How the Rushdie affair has inspired some fine Arab writing

A mention in the Daily Telegraph:

As it happens, it was the Rushdie affair that inspired the book in the first place. The essay writing contest was the idea of the Ammar Abdulhamid, a US-educated Syrian who became disillusioned with radical Islam after the fatwa issued against Rushdie by Iran. He pointed out to the American Islamic Congress that while the Muslim world had vast, well-organised networks of people pushing extremist visions, nobody was doing the same thing for liberal ideas. “What we need is an essay contest on liberty with significant cash prizes,” he said.

Twin bombings shake Syrian capital

Quoted in the Christian Science Monitor

Meanwhile, exiled activist Ammar Abdulhamid interpreted the attack in a very different way:

Assad’s grip over Damascus has become tenuous at best. Rebels are able to conduct bombings and attacks even in the most secured areas aided by informants embedded within Assad’s own security establishment. The battle of Damascus is set to begin at earnest soon, in what promises to be a very bloody development.

Free Breech!

Long ago, I learned that “the mere tendency of speech to encourage unlawful acts is not a sufficient reason for banning it” (Ashcroft vs. Free Speech Coalition). But, many incidents over the last decade or so have made me wonder: what if someone is intentionally trying to solicit a violent response to serve a particular political agenda that has nothing to do with freedom? Continue reading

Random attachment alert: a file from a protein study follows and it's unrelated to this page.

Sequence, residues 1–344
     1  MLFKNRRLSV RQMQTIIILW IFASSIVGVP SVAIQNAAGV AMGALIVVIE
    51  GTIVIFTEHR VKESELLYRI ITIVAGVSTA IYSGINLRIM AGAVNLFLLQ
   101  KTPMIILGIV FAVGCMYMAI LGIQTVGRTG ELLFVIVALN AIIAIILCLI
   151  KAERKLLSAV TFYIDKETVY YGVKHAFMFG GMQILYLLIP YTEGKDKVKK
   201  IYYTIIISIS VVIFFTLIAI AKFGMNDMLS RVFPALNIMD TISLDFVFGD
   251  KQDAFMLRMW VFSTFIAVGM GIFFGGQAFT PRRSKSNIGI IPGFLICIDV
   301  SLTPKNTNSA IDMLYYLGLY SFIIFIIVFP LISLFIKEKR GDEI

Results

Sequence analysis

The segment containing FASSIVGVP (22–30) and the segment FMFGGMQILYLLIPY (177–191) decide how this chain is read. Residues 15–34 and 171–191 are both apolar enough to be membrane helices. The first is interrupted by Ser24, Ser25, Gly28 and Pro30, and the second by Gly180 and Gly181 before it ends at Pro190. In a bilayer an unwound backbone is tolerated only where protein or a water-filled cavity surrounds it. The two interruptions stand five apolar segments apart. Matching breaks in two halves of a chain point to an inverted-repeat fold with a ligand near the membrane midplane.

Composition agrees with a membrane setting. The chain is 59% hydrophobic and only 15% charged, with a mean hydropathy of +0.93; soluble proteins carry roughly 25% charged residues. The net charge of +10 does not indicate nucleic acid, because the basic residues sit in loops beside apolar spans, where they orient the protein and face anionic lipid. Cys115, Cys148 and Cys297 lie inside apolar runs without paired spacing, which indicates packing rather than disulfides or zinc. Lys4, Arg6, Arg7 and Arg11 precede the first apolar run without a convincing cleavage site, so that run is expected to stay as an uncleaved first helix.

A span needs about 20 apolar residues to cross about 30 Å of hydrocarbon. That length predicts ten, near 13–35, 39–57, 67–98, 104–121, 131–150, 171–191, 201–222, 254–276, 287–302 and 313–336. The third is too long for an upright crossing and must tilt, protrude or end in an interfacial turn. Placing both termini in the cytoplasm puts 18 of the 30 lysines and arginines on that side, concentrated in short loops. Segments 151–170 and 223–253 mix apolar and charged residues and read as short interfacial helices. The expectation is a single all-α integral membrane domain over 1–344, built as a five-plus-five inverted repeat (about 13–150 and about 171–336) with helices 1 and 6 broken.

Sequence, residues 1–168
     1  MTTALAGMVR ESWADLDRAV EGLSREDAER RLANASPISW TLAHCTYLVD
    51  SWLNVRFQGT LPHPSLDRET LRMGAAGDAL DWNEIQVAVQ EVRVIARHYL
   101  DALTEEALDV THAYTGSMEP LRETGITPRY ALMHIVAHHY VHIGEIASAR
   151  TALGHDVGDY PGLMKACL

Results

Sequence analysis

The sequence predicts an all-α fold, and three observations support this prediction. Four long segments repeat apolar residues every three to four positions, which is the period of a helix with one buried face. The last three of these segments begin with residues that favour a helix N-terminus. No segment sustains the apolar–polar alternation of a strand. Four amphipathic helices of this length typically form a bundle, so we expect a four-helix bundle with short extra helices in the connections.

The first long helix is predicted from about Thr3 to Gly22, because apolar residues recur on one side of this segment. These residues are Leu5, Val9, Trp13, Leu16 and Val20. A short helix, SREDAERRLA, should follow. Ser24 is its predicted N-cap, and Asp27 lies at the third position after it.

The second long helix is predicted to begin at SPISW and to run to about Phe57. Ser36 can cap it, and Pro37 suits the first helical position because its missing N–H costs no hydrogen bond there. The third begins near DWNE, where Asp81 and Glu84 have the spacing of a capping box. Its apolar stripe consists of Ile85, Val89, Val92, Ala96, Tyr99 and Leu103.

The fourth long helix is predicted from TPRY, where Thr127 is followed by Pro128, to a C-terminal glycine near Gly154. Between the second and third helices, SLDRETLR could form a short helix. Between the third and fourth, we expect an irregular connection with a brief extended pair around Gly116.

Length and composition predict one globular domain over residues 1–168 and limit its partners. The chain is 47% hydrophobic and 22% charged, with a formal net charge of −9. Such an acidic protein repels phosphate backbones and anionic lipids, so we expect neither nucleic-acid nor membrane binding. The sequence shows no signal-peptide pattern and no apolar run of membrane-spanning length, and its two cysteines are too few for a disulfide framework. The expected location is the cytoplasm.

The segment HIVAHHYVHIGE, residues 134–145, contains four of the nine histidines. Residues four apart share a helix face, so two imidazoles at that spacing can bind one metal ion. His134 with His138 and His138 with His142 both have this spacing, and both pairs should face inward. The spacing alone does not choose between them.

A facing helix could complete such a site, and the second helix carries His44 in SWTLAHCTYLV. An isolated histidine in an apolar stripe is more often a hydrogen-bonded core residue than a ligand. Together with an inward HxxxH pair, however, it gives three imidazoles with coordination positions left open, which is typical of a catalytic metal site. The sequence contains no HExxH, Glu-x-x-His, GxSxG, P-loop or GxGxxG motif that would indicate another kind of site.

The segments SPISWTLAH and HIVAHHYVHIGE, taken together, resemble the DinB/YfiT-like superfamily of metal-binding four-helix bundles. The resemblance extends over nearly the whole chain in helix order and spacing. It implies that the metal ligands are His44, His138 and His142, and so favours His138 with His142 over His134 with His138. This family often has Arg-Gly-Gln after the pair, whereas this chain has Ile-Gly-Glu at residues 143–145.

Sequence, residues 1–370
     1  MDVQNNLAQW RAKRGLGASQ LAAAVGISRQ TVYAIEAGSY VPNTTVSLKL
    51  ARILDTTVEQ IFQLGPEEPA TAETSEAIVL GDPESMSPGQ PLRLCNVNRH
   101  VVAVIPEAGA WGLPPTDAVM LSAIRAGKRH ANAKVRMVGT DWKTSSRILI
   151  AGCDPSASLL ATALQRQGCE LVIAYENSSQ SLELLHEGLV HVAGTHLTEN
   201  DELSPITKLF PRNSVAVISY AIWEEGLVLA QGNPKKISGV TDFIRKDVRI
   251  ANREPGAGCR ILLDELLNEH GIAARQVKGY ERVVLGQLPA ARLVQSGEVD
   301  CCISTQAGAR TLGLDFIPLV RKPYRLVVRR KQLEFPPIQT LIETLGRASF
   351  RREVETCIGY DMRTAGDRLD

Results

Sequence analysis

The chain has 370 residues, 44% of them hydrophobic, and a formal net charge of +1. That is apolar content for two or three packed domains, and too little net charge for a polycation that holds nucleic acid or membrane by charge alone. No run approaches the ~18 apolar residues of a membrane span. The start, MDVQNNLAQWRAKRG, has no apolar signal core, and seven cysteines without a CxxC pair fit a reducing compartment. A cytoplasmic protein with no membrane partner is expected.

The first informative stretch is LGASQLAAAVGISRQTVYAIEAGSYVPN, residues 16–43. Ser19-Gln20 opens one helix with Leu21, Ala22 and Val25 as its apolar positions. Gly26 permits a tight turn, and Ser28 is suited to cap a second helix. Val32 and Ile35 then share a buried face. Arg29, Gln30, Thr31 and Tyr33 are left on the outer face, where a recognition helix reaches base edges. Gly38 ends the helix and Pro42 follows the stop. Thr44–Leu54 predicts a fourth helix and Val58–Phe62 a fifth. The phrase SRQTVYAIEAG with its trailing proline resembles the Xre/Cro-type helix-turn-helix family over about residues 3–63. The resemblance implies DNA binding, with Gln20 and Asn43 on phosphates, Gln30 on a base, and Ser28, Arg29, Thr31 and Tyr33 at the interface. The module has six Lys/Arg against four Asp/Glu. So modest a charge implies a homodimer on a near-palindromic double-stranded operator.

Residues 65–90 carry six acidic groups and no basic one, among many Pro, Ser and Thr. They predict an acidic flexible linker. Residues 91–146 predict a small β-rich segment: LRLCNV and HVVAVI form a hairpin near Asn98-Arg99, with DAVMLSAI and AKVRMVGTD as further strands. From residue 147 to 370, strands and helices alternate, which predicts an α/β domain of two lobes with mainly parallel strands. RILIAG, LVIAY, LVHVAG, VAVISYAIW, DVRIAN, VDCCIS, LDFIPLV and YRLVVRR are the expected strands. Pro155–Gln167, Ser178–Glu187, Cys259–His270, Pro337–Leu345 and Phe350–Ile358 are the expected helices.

An Interview with Turkish TV Channel

The transcript can be found at this link (Google Translations can give a good idea of the gist). The video is below. The interview was conducted during my three-weeks trip to Turkey in August but was aired only on September 18.

Ammar Abdulhamid röportajı by imctv

Rebels Despair That Anti-American Protests Overshadow Syrian Struggle

A mention in the Daily Beast:

“To Assad, the rallies spurred by the Islam-bashing film were heaven-sent: they have given credence to his claims that the Arab Spring is at heart an Islamist spring and that al Qaeda and its affiliates will be empowered as a result,” says Ammar Abdulhamid, a Syrian activist based in America. “Meanwhile, the rallies have also distracted international attention from the current mayhem unfolding in Syria, and they might give pause to any calls for intervention.”